The presentation of data is a very rich subject, on which there is a whole lot to discuss, even by restricting to the issues relevant to our dear field of experimental high-energy physics. Usually too little thought is given to it, even by expert researchers, so I thought that maybe today I would offer here some ideas on one very basic issue, the one of how to choose the width of the bins of a histogram.

You all know what a histogram is: a set of bars whose height is proportional to some quantity one wishes to display, lined up along an axis which represents a parameter. For discrete parameters the bars usually may divide the data into well-distinguishable subsets -say when the parameter is a country and the height of the bars represents their GNP. But for continuous parameters, the width of the bars affects the information content of the graph significantly.

The choice of bins of a histogram invoves a few general statistical considerations, which depend on the use that is made of the distribution. One should first of all distinguish from the outset the use of binning for pure display purpose and the binning of the data as a pre-processing tool. Note that the distinction is clear in particle physics, but less so in other fields of research, when the concept of image processing somehow blurs the boundary.

A) When the data are binned before they are collectively input to a statistical method aimed at extracting an estimate of a parameter of interest (such that the method receives as data input the bin contents only), one should be aware that such pre-processing unavoidably involves a loss of information. Of course: you lose track of the exact value of the parameter for a given event, in exchange for a range -the one spanned by the bin where the event falls.  In this case, one should note that the loss may or may not be critical to the measurement, and it may be an acceptable price to pay in exchange for a large decrease of computation time in complex problems.

B) Different is the case when the data are divided into subsets depending on the range taken by an observable, and each subset is then analyzed separately. The loss of information due to the binning of data is then irrelevant or absent (e.g. if the observable is ancillary to the measurement being performed, or if the different subsets are independent), and the focus is on other considerations, such as the desire to ease the comparison or combination of results with earlier ones (in which case it may be advantageous to reproduce the pre-existing bin ranges), or the need to control the statistical uncertainty of the measurement across the bins.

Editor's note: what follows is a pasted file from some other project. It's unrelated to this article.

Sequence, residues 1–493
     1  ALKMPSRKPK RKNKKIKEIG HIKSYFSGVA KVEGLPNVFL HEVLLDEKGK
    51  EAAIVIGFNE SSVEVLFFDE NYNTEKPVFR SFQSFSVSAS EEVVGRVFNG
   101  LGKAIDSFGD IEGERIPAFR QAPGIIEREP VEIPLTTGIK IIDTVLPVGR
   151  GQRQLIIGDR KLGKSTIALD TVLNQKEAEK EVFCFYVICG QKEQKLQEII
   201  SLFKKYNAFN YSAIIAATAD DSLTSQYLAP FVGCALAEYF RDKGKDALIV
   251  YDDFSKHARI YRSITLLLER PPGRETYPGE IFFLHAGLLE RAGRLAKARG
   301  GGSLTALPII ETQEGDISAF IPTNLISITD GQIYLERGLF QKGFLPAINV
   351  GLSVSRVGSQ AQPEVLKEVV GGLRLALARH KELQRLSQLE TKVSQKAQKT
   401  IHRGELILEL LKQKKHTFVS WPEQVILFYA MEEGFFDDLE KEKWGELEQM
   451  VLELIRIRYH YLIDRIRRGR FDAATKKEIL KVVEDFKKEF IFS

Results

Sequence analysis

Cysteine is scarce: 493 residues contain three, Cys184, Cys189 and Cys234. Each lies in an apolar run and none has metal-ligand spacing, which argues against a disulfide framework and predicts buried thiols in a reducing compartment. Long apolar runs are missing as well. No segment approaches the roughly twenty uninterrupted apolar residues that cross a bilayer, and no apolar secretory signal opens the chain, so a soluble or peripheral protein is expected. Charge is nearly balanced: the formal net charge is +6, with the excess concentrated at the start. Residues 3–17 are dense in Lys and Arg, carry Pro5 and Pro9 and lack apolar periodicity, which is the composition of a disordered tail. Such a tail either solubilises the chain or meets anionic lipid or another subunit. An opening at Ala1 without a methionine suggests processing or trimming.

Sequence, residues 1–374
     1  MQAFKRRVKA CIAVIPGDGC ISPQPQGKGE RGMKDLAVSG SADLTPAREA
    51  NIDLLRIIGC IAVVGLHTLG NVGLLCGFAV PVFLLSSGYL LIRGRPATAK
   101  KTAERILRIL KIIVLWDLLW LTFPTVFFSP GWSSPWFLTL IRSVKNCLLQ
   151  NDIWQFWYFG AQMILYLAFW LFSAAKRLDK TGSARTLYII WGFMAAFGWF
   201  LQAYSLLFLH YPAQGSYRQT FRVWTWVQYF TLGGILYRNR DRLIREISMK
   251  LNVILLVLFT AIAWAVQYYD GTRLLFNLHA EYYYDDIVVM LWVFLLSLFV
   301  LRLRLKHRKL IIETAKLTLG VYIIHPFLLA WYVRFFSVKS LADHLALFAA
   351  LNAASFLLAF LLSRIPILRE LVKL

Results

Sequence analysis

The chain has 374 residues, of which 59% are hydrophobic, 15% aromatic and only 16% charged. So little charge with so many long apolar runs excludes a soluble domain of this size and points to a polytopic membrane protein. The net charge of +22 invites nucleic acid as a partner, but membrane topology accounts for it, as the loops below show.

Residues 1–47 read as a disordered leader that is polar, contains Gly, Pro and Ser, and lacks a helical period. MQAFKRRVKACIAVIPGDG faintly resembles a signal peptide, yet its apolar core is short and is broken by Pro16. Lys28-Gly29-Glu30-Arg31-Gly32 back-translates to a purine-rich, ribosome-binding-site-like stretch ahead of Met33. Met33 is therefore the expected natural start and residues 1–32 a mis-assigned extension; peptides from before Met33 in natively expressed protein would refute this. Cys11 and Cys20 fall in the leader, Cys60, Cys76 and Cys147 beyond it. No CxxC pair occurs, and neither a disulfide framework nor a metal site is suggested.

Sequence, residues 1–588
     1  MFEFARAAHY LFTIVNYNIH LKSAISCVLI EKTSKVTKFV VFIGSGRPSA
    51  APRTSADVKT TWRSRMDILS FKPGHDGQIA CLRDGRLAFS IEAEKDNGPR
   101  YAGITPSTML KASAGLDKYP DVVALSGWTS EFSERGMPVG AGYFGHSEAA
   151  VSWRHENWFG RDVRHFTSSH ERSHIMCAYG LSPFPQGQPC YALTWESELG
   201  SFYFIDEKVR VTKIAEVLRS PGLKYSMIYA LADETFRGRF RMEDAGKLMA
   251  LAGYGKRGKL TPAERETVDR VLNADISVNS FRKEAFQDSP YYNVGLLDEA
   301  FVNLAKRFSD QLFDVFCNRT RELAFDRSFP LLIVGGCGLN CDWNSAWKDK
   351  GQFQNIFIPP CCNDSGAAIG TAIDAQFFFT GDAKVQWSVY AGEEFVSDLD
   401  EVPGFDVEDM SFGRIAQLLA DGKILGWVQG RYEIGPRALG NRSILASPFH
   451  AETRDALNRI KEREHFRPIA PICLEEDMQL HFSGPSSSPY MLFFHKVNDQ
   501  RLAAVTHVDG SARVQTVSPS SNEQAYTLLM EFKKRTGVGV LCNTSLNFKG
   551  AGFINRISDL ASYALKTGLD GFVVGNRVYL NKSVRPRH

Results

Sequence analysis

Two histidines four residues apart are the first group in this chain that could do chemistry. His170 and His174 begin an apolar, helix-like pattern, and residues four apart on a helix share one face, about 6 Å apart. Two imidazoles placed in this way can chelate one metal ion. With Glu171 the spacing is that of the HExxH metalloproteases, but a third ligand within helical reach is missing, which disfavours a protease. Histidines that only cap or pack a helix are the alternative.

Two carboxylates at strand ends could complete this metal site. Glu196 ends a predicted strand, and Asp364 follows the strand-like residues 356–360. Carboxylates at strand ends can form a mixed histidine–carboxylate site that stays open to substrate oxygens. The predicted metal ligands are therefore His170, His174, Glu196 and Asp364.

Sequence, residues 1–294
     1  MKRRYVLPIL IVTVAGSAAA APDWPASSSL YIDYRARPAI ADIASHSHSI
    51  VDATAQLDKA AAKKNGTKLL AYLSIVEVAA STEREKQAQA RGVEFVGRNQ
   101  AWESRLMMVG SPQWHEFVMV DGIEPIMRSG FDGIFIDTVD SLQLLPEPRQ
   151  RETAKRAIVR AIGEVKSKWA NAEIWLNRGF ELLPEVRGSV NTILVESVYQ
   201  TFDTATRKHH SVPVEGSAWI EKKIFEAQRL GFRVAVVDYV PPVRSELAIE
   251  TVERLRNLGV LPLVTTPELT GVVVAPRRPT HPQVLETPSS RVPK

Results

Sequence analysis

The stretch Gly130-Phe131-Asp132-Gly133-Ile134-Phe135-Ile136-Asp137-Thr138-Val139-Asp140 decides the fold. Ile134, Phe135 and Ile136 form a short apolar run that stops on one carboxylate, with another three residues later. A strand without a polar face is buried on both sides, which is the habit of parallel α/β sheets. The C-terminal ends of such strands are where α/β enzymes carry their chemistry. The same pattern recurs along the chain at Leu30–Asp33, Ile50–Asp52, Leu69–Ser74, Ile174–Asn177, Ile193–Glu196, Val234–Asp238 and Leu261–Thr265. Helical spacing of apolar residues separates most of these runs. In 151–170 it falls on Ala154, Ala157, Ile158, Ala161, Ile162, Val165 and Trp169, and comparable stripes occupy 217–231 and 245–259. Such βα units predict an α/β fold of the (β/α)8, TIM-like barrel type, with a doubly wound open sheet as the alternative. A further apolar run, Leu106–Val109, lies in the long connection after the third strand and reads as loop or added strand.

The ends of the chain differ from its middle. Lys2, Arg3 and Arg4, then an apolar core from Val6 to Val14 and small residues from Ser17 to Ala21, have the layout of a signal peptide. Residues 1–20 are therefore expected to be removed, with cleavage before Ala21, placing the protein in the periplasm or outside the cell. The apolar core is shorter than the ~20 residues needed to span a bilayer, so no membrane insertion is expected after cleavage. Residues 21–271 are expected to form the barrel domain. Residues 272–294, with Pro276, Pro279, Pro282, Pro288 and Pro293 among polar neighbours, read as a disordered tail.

C) In general, in order to extract information from the distribution of an observable quantity it is recommendable the use of unbinned techniques, the most classic example in HEP being unbinned likelihood fitting. In that case, the issue of bin size to display a distribution becomes essentially a cosmetic one. Even then, a few simple recommendations can be given.
1. For display purposes, the bin size should be preferably smaller than the experimental resolution of the quantity being drawn. Wider bins hide too much information from the user, and they further bring in a dependence of the perceived location of a feature of the distribution on the location of the bin edge.
2. The only concern with too narrow bins is instead that random fluctuations might distract the user's attention from the important features of the distribution. In the prototypical case of the histogram of the reconstructed invariant mass of a decay system in the presence of significant background and/or when the signal strength is just above detectability, a bin size smaller than the expected RMS of the particle signal should be chosen (when by "RMS of the particle signal" is understood that one should consider the detector resolution convoluted with the particle's natural width). A sound choice is to have the signal distribute into at least five adjoining bins.
3. Even in the case of the prototype problem given above, one may consider the option of avoiding the binning altogether, and rather produce a cumulative distribution of the invariant mass, with tick marks at the location of each event. Such a method however is impractical for large sample sizes.
Let us see how the criteria above score for three typical experimental cases.

Case one: significant bump, small statistics. Four possible choices with W=0.25*RMS, 0.5*RMS, 1.*RMS, 2.*RMS.

Here you can see that a narrow binning does not spoil the view, while the widest binning hides significant information (on the signal width itself).

Significant bump, large statistics, same choices for the bin width as above:

I think any discerning physicist would choose one of the narrowest choices for the bin size in this case. Already a bin size equal to the RMS (lower left panel) is probably hiding too much information.

Barely significant bump, small statistics, same choices of binning:

Here I believe the narrowest binning is a bit extreme, but again I am inclined to believe that the wider ones do a poor service: the "fit by eye" does evidence a fluke at zero in the widest bin case, but there is no support from the adjoining bins in the hypothesis that the fluke comes from a real signal. In this case the binning equal to half the RMS (top right) appears optimal to me.

I would be happy to hear your comments or opinions on the matter...